The schedule: Oh great. Just when it seems like TCU has everything starting to come together with a team ready to make a nice run, it starts out the season in Dallas against LSU. Fortunately, SE Louisiana is up next to gear up for the start to the Big 12 season at Texas Tech. Unfortunately, there’s an unnecessary week off before getting SMU – it would’ve been nicer to have the extra time to prepare for a trip to Oklahoma the following week.

The Horned Frogs get a break not playing three toad games in four weeks, but there isn’t much of a chance to breathe in the middle part of the slate with a trip to Oklahoma State and home dates against Texas and West Virginia before going to Iowa State and Kansas State. Getting a week off to prepare for the regular season finale against Baylor is a plus.

Best offensive player: Senior QB Casey Pachall. Gary Patterson won’t commit to a starter until the fall, but after his off-the-field issues, Pachall appears to be better focused and ready to become the top pro prospect he’s expected to turn into. He has all the tools with the size, the arm and the fight, but now he needs the job with Trevone Boykin still in neck-and-neck in the race.

Best defensive player: Senior CB Jason Verrett. Devonte Fields might have been the Big 12 Defensive Player of the Year after a dominant pass rushing season, but Fields was every bit as effective. A peerless open-field tackler for a corner, he doesn’t miss and doesn’t make big mistakes, but where he truly shines is as a pass defender, coming up with 16 broken up passes with six picks. He might not have the same numbers this season with teams staying away, but he should be able to erase just about everyone’s No. 1 target.

Key player to a successful season: Sophomore OGs Joey Hunt & Jamelle Naff. Can these two blast away for the running game? There wasn’t enough pop and explosion on the ground, partly because everyone loaded up to take away the passing attack once Trevone Boykin got under center, but the line needs to start doing its job in the interior. Naff is a big blaster with anchor potential, even if he doesn’t have the athleticism, while Hunt is more like a right tackle playing guard. These two need to emerge over the next few years as steady performers.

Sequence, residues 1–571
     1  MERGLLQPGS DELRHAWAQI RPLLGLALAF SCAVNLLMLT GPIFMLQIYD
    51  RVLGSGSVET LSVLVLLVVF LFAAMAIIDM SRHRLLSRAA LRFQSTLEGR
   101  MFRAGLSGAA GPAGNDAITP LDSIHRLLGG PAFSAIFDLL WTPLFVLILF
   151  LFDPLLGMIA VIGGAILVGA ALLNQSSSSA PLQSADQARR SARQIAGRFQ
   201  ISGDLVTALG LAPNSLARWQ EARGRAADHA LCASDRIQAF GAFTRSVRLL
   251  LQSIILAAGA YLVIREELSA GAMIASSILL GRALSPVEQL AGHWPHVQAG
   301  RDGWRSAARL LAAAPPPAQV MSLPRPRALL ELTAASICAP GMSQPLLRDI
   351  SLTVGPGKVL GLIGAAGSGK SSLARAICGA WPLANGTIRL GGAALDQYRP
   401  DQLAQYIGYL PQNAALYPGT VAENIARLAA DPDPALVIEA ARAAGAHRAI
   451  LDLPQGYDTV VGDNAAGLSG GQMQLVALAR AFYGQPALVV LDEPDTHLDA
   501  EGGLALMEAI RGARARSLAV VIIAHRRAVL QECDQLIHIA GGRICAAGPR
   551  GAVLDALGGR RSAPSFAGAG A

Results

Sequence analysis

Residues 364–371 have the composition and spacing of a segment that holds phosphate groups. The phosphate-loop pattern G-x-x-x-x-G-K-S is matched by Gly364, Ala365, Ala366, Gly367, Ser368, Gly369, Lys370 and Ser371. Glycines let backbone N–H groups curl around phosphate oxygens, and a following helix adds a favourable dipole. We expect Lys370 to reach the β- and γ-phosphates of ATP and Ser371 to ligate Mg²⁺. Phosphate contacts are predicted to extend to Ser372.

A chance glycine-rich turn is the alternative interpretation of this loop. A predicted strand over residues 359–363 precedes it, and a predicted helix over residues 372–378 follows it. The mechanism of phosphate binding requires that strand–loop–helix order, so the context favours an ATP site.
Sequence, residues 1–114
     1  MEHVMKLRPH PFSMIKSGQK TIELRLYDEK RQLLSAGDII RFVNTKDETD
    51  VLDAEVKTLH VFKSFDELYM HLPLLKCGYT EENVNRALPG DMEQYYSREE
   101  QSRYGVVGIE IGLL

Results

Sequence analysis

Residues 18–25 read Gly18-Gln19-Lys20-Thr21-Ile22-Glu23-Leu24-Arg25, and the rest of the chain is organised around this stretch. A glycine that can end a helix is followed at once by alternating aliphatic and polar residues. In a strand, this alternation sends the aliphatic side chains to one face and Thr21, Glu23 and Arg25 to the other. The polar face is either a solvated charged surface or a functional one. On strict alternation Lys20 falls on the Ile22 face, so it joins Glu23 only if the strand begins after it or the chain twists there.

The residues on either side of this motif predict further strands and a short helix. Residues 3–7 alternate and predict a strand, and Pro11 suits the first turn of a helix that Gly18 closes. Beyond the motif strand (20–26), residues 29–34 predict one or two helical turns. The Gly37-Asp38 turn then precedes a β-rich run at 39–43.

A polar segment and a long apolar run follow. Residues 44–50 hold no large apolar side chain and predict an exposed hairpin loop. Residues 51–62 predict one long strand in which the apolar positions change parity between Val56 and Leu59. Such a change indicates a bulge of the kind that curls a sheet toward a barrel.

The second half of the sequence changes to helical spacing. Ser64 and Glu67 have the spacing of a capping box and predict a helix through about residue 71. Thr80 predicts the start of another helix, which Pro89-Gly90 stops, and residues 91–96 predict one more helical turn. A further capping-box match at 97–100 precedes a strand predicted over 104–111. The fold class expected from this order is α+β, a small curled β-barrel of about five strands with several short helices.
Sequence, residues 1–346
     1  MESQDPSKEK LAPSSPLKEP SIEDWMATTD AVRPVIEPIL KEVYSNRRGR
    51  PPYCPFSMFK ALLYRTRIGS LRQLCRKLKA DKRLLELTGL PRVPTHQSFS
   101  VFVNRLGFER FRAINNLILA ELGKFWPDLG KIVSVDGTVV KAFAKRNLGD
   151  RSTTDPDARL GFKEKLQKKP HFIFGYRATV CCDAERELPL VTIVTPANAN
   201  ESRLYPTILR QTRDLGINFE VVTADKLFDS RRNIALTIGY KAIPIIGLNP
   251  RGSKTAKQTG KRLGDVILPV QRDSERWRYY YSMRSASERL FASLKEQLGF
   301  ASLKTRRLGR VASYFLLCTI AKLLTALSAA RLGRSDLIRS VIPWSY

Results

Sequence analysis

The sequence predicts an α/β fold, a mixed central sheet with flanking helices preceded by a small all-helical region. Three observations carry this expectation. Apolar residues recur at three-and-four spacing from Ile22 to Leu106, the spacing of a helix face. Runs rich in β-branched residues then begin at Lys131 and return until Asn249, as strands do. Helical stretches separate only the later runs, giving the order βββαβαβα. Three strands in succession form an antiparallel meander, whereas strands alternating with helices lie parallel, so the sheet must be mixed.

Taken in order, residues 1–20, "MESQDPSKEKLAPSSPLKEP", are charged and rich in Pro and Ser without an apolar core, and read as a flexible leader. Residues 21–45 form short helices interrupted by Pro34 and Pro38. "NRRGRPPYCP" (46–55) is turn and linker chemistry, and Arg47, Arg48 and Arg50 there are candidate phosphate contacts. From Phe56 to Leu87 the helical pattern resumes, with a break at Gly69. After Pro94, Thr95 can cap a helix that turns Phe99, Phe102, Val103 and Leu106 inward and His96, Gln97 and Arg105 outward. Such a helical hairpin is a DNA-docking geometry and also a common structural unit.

The season will be a success if … TCU wins nine games. The schedule isn’t conducive for a huge season, but with a better offense and loaded defense, it’s time to start winning games against the Oklahomas and Oklahoma States of the Big 12, while also expecting to hang around in the shootouts. Better than West Virginia, Baylor, Iowa State, Kansas and Texas Tech, there should be a nice base of conference wins to build off of, so an 8-4 regular season with a bowl win shouldn’t be too much to ask for.

Key game: Sept 14 at Texas Tech. After last year’s wild three overtime loss, the improved Horned Frogs need to start the Big 12 slate with a big win or else it’ll be panic alert time with a road date at Oklahoma up next in conference play. After starting out against LSU, barring an upset, a loss to the Red Raiders could mean a 2-3 start with Oklahoma State, Texas, West Virginia and Kansas State still to deal with.

2012 Fun Stats:
- 1st Quarter Scoring: TCU 115 – Opponents 58
- Penalties: TCU 89 for 819 yards - Opponents 60 for 556 yards
- Time of Possession: TCU 32:44 – Opponents 27:16
- 2013 TCU Preview | 2013 TCU Offense
- 2013 TCU Defense | 2013 TCU Depth Chart